Bill Morgan: The SEC Stretching the Howey Test in Case Vs Ripple

  • Morgan asked people to dispel any doubt on the SEC’s plot even if Judge Torres sidesteps ruling on secondary market spells.
  • Morgan based his stance on John E. Deaton’s submission to Judge Analisa Torres.

According to digital assets enthusiast Bill Morgan, there is no doubt the US Securities and Exchange Commission (SEC) is trying to stretch the Howey Test in its case against Ripple. Morgan made the statement while acknowledging a submission by John E. Deaton, the Managing Partner of the Deaton Law Firm, to Judge Analisa Torres of the US District Court of the Southern District of New York.

Morgan emphasized that even if Judge Torres sidesteps ruling on secondary market spells, people should dispel any doubt on the SEC’s plot. He noted that in the SEC v Bittrex matter, the allegations against Bittrex rested on the characterization of the digital assets involved as being securities, even when sold in the secondary market.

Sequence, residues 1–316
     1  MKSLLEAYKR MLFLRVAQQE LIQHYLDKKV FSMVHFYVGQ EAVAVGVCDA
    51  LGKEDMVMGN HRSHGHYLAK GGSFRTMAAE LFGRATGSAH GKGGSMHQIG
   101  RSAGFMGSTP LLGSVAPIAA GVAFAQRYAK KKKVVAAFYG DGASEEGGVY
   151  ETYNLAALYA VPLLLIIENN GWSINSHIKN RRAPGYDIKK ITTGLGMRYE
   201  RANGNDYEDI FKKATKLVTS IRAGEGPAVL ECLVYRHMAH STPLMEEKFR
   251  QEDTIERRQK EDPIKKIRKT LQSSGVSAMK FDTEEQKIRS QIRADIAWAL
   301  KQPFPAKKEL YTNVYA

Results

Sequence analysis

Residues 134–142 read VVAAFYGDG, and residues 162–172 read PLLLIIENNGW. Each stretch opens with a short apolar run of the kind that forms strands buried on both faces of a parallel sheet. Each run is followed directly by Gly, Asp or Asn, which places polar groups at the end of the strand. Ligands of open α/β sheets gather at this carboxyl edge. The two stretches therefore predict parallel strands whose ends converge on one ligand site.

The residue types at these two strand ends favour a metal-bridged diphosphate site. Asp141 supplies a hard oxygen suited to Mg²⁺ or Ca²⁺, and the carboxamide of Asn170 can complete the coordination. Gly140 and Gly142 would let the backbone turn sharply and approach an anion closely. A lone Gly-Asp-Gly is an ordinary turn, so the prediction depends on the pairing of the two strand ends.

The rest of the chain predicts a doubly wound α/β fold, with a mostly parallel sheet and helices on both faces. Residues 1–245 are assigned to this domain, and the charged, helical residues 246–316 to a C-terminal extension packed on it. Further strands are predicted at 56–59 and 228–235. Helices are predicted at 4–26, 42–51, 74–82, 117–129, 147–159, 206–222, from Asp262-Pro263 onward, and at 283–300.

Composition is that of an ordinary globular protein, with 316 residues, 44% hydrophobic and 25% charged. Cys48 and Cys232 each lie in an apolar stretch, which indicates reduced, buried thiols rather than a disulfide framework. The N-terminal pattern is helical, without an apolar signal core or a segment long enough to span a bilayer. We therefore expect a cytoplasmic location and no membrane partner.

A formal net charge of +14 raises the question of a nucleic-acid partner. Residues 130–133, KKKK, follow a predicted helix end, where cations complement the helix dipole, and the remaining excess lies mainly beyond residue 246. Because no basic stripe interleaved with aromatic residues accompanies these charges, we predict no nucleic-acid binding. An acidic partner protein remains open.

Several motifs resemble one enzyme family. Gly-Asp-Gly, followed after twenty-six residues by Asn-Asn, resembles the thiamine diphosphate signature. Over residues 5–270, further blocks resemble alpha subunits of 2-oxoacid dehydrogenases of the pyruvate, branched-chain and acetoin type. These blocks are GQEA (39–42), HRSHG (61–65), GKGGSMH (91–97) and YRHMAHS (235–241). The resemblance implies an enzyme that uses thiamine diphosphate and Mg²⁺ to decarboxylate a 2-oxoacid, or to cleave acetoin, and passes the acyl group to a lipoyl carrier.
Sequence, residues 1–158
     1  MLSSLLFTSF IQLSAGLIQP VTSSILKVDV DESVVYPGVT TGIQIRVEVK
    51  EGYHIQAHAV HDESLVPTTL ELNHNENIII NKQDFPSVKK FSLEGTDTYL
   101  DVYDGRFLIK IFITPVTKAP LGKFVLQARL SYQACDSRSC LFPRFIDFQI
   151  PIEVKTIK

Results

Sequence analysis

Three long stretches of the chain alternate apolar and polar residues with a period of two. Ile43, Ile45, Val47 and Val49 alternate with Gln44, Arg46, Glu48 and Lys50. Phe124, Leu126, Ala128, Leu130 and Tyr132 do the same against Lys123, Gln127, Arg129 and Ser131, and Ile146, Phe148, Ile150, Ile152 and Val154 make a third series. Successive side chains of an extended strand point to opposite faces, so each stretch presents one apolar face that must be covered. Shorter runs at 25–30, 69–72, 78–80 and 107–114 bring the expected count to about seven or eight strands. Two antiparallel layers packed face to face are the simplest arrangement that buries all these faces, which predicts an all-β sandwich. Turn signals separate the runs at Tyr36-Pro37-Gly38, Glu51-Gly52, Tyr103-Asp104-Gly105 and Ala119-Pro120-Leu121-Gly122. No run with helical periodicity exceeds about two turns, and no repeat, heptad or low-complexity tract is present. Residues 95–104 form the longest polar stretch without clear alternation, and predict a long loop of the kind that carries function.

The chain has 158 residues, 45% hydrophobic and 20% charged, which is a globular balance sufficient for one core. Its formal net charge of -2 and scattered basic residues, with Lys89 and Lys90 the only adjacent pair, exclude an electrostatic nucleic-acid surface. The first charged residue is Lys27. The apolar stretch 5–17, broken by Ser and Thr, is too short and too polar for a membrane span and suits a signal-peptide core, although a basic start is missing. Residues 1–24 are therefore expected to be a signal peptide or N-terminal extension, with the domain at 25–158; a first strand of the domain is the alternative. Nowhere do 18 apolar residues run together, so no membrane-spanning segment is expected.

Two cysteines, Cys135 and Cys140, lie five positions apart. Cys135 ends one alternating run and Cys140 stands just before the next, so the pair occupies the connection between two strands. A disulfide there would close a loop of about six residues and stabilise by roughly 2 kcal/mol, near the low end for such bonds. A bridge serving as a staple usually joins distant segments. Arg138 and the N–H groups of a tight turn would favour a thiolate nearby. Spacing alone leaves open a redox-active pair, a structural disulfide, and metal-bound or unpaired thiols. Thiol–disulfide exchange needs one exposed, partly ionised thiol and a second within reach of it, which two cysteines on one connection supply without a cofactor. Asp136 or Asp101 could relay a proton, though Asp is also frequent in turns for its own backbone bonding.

Morgan based his stance on Deaton’s submission to Judge Torres, where he noted the SEC’s theory on the case is farfetched. Deaton observed the SEC had asked the court to validate its contention to classify all existing XRP tokens as securities. That includes XRP tokens sold in the secondary market.

According to Deaton, the SEC’s Howey argument’s scope has become so stretched that it is indefinable in space or time. He noted the SEC is asking the court to assume private statements made by Ripple employees to a handful of individuals, evidence that Ripple offered XRP to the world.

Deaton faulted the SEC’s approach and application of the Howey test. He described it as a shortcut, noting that the regulator assumes every sale of XRP meets all three Howey prongs, making it unnecessary to offer specific transactional evidence.

Deaton thinks the Howey test must apply to each transaction, and examined as of the time the transaction took place. According to him, the SEC’s theory would be amusing if it did not harm innocent holders.

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